SPOKANE — Farmers and foresters need to listen to the concerns of the public for agriculture to survive, a speaker told FFA members during a presentation at the Spokane Ag Expo.
“I grew up a proud logger believing I was a steward of the forests,” said Bruce Vincent, a third-generation Montana logger and motivational speaker. “But when I went to college in Portland, it didn’t take very long for me to figure out the kids I was going to school with didn’t look at me as a steward; they looked at me as an ax-murdering Neanderthal.”
The public’s perception, and public policy, are not defined by farmers’ reality, Vincent said. They are defined by the public’s perception of reality.
Vincent said the environmental movement has turned fear into an industry that depends on crisis and conflict for funding. He learned the hard way as a logger during the timber wars, he said.
The public receives “20-second sound bites” comparing scenes of tree stumps to forests, he said.
Industry members get frustrated that those are not the only choices, Vincent said, but the public doesn’t know that because they are generations removed from the farm.
Ag and forestry industry members laugh at what the public doesn’t know, he said, but they shouldn’t.
Foresters and farmers need to learn the difference between fighting and leading, he said.
Vincent recommends farmers, ranchers and foresters say: “I am listening, I understand. I respect or I share your concerns and I am part of the answer to those concerns.”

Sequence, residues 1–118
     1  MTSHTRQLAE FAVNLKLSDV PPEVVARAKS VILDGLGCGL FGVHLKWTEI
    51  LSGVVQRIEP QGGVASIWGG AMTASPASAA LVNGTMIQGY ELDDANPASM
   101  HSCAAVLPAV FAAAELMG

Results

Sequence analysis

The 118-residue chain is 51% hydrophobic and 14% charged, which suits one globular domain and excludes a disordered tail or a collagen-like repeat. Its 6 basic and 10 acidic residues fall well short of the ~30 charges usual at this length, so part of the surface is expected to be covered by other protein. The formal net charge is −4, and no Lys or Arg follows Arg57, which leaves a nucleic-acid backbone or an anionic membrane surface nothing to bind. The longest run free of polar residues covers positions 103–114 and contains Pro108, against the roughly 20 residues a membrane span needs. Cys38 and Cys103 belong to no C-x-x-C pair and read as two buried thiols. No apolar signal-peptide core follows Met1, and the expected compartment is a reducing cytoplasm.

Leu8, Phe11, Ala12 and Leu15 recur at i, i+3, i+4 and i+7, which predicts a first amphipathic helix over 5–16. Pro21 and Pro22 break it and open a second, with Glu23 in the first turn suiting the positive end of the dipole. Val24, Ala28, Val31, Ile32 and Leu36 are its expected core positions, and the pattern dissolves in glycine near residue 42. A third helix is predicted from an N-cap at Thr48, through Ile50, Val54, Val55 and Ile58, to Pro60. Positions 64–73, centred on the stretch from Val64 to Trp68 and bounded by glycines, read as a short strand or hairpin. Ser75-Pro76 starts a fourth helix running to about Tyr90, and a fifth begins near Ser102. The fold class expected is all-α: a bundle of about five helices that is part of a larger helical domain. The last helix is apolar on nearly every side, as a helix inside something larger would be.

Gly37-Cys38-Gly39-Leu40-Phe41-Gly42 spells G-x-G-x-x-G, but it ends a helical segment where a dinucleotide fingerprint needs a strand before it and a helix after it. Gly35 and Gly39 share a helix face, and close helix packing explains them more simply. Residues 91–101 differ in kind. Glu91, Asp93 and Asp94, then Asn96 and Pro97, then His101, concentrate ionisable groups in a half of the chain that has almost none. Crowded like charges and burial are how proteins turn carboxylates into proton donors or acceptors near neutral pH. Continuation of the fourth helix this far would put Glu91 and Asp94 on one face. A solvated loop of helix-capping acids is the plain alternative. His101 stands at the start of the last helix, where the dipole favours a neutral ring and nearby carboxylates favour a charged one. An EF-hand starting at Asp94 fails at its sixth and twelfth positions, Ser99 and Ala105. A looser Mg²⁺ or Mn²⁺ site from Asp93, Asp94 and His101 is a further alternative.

Membership in FFA is a good start, Vincent told the high school students. He urged members to learn to be good listeners, take communications courses, get involved in rural leadership programs and make advocacy part of their career path.
He recalled listening as his father and mother returned from a meeting with his principal and teacher as a third-grader.
Vincent had high scores on tests, and the school officials had told his parents that if he ended up being a logger, it would be his father’s fault, Vincent recalled.
“He got the message ... that I was going to be too smart to be a dumb ol’ logger like him,” Vincent said. “Thankfully I got to work with him for almost 40 years, and I can tell you when we were standing out on the forest looking at the hillside of trees trying to figure out how to apply modern forest management, I had two degrees hanging on the wall, Dad didn’t have one. If there was a stupid person standing there, it was not my father.”
His father had more forestry experience than he could have gotten with a doctorate from Yale University, Vincent said.
“You have a heritage worthy of passing on, particularly to intelligent children,” he said. “I have hope that in 100 years in Spokane there will be an FFA gathering with your great-great grandkids.”